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MacGrioghair In Ireland


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MacGrioghair In Ireland



Some of the MacGrioghair family moved to Ireland, but this topic is not covered in this excerpt. Another 101 words (7 lines of text) about their life in Ireland is included in all our PDF Extended History products and printed products wherever possible.

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The Great Migration


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The Great Migration



Many settled along the east coast of what would become the United States and Canada. As the American War of Independence broke out, those who remained loyal to the crown went north to Canada as United Empire Loyalists. The ancestors of all of these hardy Dalriadan-Scottish settlers began to recover their collective history in the 20th century with the advent of the vibrant culture fostered by highland games and Clan societies in North Ameri ca. Highland games, clan societies, and other organizations generated much renewed interest in Scottish heritage in the 20th century. The MacGrioghair were among the earliest of the Scottish settlers as immigration passenger lists have shown: Duncan McGregor settled in South Carolina in 1716; along with Mall; Gregor McGregor settled in Virginia along with John in 1716; John McGregor settled in Boston in 1766.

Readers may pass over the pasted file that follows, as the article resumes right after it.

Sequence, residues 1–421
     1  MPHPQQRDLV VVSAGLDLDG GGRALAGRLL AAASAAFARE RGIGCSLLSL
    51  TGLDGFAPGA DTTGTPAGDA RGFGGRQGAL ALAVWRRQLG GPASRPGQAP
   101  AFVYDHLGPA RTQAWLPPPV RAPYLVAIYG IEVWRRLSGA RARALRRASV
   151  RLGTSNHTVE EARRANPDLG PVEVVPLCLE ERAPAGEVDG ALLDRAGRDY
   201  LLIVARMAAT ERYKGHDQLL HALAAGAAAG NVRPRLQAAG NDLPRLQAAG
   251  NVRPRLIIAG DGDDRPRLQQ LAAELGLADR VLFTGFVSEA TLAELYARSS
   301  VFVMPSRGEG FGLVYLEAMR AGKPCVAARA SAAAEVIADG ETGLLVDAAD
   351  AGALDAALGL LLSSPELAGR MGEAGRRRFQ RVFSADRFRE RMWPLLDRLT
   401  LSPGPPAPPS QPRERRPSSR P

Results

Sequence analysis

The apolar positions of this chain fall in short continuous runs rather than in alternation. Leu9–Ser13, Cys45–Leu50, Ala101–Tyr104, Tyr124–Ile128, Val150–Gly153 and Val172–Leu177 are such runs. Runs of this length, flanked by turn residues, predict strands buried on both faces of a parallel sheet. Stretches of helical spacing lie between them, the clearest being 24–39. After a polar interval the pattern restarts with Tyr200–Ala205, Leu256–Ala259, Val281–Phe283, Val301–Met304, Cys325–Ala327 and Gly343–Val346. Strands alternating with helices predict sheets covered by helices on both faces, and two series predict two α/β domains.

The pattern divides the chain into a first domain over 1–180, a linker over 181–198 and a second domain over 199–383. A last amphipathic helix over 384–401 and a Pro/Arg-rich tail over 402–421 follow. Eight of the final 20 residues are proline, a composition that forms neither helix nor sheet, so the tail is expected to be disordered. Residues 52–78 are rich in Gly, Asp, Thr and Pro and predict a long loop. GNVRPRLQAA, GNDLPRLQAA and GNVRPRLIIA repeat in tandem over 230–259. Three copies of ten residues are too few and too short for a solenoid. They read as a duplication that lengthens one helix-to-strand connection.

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Motto


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Motto



The motto was originally a war cry or slogan. Mottoes first began to be shown with arms in the 14th and 15th centuries, but were not in general use until the 17th century. Thus the oldest coats of arms generally do not include a motto. Mottoes seldom form part of the grant of arms: Under most heraldic authorities, a motto is an optional component of the coat of arms, and can be added to or changed at will; many families have chosen not to display a motto.

Motto: 'S Rioghal Mo Dhream
Motto Translation: Royal is my blood.


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MacGrioghair Family Crest Products


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MacGrioghair Family Crest Products